New program to boost social connections for seniors
From device advice to help seniors stay safely connected online to active outdoor sessions, a new program designed to reduce isolation and loneliness among seniors was announced today by City of Newcastle.
The Connections for Ageing Well program will be delivered in partnership with Hunter Medical Research Institute and Hunter Ageing Alliance and has been awarded $47,200 in grant funding by the NSW Government’s Department of Communities and Justice.
The announcement was made today at a senior's expo and comedy gala at City Hall, delivered as part of NSW Seniors Festival 2023. Presented by CN and Comedy for a Cause, well-known comedian and recent Member of the Order of Australia recipient Jean Kitson headlined the comedy gala attended by more than 200 local senior citizens.
Lord Mayor Nuatali Nelmes said the Connections for Ageing Well program will focus on connecting seniors with community groups for sustainable relationships, with expert advice and skill building for ageing well, managing health and creating social connections.
"Our senior citizens make a significant contribution to our society and help to create a more inclusive and broader community here in Newcastle,” Cr Nelmes said.
“The needs of an ageing population also create a range of challenges, with many seniors in our community facing isolation and loneliness, especially in recent times as a direct result of COVID-19.
“Together with Hunter Medical Research Institute and Hunter Ageing Alliance, City of Newcastle is committed to delivering this vital program to combat isolation and loneliness with meaningful social connections for seniors, in line with CN’s draft Local Social Strategy 2023-2030.
“It’s these sorts of initiatives like today’s expo and comedy gala that strengthen social connections while playing a significant role in the mental health and wellbeing of seniors in our community.”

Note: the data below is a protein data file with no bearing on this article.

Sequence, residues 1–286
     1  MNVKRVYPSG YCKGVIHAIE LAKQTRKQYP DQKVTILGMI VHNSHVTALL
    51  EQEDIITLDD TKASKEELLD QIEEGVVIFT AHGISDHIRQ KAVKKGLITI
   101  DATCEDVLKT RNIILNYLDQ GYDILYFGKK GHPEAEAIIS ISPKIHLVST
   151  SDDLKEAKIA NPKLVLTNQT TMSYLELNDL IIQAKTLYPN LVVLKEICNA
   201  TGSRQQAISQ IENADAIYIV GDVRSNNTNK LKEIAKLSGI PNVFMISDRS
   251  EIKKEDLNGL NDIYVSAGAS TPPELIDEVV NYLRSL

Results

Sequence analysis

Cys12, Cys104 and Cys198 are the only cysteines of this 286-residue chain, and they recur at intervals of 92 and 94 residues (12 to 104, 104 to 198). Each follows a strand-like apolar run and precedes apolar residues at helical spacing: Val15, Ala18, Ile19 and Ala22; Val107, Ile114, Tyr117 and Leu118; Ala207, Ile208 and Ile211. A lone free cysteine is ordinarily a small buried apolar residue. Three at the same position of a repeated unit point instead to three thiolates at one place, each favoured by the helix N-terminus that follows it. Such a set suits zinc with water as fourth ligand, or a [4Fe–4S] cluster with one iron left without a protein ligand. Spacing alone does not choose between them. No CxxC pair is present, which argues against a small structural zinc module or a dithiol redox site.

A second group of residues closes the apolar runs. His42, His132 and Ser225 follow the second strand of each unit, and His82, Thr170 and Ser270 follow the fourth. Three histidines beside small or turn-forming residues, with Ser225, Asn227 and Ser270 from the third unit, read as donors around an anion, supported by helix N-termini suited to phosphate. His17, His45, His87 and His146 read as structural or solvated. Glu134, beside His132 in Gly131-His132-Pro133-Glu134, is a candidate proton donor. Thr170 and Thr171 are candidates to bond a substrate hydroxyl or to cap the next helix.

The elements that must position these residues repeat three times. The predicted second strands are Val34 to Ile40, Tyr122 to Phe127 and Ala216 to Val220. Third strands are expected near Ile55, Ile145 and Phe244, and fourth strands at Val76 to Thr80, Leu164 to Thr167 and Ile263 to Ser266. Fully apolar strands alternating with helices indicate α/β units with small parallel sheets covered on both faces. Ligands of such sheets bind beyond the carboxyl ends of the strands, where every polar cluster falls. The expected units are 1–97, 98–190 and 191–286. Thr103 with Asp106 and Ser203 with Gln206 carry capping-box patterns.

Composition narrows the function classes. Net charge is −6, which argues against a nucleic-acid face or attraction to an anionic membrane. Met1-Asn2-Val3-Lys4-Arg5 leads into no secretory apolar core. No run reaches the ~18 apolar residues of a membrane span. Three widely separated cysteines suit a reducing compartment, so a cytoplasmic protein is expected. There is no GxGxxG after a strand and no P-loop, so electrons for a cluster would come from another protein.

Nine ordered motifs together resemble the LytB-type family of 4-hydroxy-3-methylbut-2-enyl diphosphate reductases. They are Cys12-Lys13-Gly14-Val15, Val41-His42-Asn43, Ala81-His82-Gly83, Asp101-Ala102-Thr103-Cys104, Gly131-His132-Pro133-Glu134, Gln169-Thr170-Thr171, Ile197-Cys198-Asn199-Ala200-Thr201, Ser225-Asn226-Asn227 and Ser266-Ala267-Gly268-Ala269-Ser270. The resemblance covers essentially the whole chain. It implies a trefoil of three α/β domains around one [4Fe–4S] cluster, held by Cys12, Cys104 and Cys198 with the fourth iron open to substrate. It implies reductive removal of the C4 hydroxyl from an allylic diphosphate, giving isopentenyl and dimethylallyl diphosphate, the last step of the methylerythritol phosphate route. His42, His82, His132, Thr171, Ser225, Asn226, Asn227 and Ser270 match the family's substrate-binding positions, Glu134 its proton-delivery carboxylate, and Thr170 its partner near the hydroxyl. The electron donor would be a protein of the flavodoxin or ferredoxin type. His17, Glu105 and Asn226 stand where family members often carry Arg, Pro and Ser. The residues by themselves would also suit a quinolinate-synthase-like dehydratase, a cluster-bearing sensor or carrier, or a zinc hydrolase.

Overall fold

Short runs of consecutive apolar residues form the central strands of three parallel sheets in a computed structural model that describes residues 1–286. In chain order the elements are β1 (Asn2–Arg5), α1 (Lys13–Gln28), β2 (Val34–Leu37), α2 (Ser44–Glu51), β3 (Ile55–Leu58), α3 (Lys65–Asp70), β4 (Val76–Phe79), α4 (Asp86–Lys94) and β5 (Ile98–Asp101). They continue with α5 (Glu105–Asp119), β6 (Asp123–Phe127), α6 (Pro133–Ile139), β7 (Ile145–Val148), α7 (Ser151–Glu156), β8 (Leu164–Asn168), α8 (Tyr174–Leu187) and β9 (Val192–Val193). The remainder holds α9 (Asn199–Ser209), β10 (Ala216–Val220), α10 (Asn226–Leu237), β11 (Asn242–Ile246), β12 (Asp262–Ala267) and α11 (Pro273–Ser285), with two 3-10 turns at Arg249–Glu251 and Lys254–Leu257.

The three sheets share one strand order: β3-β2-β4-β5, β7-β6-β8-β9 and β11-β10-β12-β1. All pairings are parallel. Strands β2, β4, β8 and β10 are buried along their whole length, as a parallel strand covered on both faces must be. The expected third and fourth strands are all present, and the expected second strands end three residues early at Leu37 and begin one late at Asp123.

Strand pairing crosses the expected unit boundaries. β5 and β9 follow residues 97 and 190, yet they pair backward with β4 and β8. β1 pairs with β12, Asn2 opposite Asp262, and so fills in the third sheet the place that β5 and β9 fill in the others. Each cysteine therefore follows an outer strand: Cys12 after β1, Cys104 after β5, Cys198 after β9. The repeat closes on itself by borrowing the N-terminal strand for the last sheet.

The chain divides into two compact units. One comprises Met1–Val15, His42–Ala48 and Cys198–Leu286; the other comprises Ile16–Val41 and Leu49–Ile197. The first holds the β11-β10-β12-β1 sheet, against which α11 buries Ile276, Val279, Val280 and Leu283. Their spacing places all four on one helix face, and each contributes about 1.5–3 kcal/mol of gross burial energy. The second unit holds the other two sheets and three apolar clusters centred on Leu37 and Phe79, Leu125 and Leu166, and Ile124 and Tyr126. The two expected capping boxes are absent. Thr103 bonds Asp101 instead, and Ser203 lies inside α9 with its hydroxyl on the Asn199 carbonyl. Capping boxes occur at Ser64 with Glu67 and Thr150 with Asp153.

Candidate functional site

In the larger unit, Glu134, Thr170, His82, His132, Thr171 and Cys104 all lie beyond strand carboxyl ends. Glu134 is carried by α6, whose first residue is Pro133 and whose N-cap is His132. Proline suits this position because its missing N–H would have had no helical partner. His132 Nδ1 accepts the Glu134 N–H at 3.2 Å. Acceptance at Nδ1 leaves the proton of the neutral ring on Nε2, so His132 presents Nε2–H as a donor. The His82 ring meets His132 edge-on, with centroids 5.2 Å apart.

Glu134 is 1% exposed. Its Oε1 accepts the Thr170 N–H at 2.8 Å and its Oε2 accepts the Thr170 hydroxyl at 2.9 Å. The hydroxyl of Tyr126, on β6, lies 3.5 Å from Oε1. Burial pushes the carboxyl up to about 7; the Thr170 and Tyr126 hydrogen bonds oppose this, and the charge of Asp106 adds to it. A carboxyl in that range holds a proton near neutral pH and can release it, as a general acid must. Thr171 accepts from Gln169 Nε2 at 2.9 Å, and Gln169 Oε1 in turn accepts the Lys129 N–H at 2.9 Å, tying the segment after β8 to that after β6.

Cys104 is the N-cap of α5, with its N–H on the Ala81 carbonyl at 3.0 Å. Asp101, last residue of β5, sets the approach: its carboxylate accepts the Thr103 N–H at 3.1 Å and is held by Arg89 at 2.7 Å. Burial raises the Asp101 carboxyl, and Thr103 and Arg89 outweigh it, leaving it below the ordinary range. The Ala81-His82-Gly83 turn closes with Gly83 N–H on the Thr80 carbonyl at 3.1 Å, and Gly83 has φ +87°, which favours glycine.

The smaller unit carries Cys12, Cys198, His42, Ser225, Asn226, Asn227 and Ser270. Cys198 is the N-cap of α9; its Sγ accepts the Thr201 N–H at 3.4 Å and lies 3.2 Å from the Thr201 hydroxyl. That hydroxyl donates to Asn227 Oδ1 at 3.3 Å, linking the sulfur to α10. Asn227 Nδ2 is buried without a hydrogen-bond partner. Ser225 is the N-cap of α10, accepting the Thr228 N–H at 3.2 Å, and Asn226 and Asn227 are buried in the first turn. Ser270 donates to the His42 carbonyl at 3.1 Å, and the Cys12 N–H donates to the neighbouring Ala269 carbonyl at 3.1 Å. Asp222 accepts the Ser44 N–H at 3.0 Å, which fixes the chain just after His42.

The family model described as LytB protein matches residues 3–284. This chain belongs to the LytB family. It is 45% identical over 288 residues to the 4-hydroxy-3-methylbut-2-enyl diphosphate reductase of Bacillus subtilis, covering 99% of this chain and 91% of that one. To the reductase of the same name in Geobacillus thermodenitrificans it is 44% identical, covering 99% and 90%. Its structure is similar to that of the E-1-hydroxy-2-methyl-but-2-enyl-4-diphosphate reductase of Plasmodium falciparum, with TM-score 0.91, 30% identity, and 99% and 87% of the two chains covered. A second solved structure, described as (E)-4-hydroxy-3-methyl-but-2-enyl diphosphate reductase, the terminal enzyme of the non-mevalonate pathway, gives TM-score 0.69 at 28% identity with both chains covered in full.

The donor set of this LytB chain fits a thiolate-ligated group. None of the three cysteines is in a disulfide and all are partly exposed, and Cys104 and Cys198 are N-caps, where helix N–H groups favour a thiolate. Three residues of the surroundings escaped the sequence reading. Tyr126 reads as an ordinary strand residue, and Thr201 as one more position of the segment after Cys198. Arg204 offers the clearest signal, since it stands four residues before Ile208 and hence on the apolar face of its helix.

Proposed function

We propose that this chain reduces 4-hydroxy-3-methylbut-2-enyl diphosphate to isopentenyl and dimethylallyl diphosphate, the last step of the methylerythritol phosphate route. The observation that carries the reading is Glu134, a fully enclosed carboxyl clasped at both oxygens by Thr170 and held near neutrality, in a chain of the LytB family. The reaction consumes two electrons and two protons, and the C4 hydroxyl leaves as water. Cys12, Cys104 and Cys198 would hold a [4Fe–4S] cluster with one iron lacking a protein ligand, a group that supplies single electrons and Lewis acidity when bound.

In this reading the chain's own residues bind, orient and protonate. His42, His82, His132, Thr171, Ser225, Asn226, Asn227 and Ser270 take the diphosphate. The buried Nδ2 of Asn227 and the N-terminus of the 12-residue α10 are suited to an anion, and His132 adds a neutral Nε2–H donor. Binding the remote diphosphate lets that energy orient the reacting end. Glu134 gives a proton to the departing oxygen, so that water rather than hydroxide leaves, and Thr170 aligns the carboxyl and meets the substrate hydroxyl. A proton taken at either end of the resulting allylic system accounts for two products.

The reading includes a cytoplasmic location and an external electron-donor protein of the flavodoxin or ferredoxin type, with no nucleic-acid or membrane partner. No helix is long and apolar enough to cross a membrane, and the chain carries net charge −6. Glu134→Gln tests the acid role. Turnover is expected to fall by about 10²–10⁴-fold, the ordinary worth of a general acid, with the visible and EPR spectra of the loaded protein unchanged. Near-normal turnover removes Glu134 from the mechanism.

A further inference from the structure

Emeritus Professor Julie Byles and chair at the Hunter Ageing Alliance (HAA) said the program will deliver positive physical, intellectual, and social outcomes for the region's ageing citizens.
"Connections provide opportunities to get out, meet other people, and to learn new skills for ageing well, stay active, social, and adapt positively to the changes of later life," Professor Byles said.
In addition to the program providing multiple benefits for older people, Head of Philanthropy Giavanna Angeli at Hunter Medical Research Institute said important research will be gathered.
"The program will also inform research on successful activities and programs that support social connectedness amongst older people and improve their wellbeing," Dr Angeli said.
"HMRI is looking forward to working with City of Newcastle and Hunter Ageing Alliance to deliver a successful project that brings benefits to a vulnerable group in our community.”
Seniors can also make the most of the annual Newcastle Seniors Directory online, with targeted information about services and community-based organisations who connect with older Novocastrians.
During NSW Seniors Festival 2023, which reaches up to 500,000 seniors each year, government, community and commercial organisations hold hundreds of events across the state. Full details for all local events can be found online at www.seniorsfestival.nsw.gov.au